Adobe source code and customer data stolen in sustained network hack

Adobe said it suffered a sustained compromise of its corporate network, allowing hackers to illegally access source code for several of its widely used software applications as well as password data and other sensitive information belonging to almost three million customers.

Adobe dropped the bombshell revelation shortly after Krebs on Security's Brian Krebs reported that the hack began sometime in mid-August and was carried out by the same criminals who breached LexisNexis and other major US data brokers. In the course of investigating the earlier intrusions, Krebs said he happened upon a 40 gigabyte trove of source code, much of it belonging to Adobe. Adobe confirmed its ColdFusion Web application software and its Acrobat document program were among those that were stolen.

A new generation of exploits

The Acrobat software family, which is intimately linked to the nearly ubiquitous Reader application, has long been a favorite target of malware developers looking for ways to sneak their malicious wares onto people's computers. The specter of hackers having full access to the raw source code of those applications is troubling, because it could make it easier to identify bugs that can be surreptitiously exploited in drive-by website attacks.

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Adobe Customer Information and Source Code Compromises

Original release date: October 03, 2013

US-CERT is aware of the public acknowledgement of a compromise of up to 3 million Adobe customers' information, including names and detailed account information. The source code for multiple Adobe products may also have been compromised.

US-CERT advises that Adobe customers be aware of possible fraudulent account activity. US-CERT will provide additional details as they become available.

This product is provided subject to this Notification and this Privacy & Use policy.

Bitcoin Talk forum hacked hours after making cameo in Silk Road takedown defaced

Just hours after it played a supporting role in the takedown of the Silk Road drug empire, the website suffered a hack that exposed users' personal messages, e-mails, and password data.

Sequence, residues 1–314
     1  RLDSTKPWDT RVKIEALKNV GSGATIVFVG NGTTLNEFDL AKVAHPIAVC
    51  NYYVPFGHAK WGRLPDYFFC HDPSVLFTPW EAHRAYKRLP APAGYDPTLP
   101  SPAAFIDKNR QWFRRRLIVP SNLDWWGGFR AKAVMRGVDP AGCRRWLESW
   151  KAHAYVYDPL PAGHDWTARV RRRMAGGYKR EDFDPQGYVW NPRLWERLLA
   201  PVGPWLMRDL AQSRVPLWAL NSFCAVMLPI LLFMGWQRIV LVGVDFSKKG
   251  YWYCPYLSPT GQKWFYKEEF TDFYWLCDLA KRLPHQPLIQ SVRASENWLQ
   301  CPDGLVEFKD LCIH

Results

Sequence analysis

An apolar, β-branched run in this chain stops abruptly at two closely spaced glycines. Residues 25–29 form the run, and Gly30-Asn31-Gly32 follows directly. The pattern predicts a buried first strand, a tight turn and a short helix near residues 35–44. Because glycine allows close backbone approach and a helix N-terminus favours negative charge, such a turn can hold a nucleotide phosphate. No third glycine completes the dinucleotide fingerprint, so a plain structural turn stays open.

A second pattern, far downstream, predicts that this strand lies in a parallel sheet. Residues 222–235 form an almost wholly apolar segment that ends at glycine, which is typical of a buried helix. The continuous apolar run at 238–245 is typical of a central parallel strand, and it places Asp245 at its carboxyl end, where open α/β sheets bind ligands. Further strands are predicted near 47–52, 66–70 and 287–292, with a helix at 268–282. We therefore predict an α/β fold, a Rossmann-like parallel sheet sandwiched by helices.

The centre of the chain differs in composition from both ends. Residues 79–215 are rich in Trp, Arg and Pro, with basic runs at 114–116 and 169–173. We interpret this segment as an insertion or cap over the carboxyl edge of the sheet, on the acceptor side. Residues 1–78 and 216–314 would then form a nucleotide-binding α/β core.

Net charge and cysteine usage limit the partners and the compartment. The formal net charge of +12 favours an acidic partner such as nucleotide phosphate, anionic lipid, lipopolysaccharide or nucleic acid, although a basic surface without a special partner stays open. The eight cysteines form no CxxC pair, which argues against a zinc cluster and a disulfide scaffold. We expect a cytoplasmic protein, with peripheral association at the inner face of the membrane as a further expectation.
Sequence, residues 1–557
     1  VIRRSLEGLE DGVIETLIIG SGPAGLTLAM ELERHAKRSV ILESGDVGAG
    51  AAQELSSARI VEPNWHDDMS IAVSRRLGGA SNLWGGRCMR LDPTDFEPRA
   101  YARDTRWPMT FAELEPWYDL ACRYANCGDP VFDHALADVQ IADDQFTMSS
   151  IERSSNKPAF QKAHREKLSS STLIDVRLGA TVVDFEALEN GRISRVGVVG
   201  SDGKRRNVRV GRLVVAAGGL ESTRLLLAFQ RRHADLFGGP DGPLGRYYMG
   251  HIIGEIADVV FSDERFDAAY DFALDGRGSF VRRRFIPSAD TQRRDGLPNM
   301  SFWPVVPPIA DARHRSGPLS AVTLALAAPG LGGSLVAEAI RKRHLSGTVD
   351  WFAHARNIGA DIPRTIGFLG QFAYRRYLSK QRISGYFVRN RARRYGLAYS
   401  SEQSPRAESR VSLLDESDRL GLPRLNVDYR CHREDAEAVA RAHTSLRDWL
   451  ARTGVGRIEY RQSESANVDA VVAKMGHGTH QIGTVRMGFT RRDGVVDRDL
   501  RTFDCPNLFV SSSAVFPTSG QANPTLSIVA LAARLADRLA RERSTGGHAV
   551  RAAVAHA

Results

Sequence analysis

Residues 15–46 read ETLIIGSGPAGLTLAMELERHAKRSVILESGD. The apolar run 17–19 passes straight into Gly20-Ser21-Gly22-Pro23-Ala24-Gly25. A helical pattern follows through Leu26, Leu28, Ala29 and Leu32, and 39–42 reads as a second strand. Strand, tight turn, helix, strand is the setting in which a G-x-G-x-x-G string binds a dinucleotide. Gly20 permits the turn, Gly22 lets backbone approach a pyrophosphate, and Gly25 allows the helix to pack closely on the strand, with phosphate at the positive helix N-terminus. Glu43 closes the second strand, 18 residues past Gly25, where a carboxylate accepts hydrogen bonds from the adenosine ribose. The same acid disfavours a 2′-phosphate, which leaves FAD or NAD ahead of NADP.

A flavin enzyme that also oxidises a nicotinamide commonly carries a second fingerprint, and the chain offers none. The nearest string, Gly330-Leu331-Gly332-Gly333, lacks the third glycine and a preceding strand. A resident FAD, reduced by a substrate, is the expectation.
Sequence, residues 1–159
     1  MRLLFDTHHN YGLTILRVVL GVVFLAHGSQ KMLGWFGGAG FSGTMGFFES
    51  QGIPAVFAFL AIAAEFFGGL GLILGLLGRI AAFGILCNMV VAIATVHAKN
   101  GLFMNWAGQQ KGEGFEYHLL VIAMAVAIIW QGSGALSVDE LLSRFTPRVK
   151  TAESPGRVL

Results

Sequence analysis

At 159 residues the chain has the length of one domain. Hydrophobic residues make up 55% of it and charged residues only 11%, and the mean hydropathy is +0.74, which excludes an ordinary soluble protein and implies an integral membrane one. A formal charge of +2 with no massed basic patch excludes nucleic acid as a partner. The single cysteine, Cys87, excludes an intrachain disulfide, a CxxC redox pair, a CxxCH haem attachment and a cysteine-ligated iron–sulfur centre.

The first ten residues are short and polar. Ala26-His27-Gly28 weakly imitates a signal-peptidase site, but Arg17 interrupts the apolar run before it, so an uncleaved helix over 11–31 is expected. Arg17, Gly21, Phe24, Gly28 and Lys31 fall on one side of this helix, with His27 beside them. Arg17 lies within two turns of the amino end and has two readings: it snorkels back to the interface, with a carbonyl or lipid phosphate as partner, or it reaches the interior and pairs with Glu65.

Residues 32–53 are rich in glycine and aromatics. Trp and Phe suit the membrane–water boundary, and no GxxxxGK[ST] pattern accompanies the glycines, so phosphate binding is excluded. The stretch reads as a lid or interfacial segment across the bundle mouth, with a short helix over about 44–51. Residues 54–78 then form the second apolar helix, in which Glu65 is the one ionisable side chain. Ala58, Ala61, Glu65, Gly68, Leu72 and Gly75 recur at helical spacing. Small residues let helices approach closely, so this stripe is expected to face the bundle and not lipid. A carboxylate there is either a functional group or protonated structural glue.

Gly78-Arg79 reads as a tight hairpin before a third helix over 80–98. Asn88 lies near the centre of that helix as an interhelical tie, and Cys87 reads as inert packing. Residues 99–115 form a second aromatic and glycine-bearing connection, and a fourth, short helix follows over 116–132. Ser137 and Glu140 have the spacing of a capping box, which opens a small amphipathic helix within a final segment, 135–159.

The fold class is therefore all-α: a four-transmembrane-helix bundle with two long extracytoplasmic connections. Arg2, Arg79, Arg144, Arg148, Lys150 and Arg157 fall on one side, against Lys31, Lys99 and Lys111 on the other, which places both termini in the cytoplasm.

"To be safe, it is recommended that all Bitcoin Forum users consider any password used on the Bitcoin Forum in 2013 to be insecure," an e-mail sent to registered users stated. "If you used this password on a different site, change it. When the Bitcoin Forum returns, change your password."

User passwords were cryptographically protected using 7,500 rounds of the SHA256crypt hash function, Bitcoin Talk administrator Theymos said in a forum on reddit. That's a significant measure that could add decades or even centuries to the task of cracking passcodes that are at least nine characters and randomly generated. Still, the hack could be damaging to the privacy of users who stored sensitive communications on the site. Bitcoin Talk administrators are in the process of figuring out how the compromise happened and don't plan to restore service until after the security hole is plugged.

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1Password 4 for Mac brings upgraded security and Wi-Fi sync

AgileBits today released 1Password 4 on the Mac App Store, a major upgrade to one of the best-known password management applications.

The application has a new design and various features aimed at making it easier to use, such as a menu bar utility. It also brings back Wi-Fi Sync, which lets users sync password data from a Mac to an iOS device without storing their encrypted keychain in Dropbox or iCloud.

AgileBits described security improvements including a new keychain design with 256-bit AES encryption keys and data integrity checks that increase resistance to tampering. The design "forestalls many attacks that haven’t even been dreamt of yet," AgileBits said. 1Password 4 development was helped along by 20,000 beta testers.

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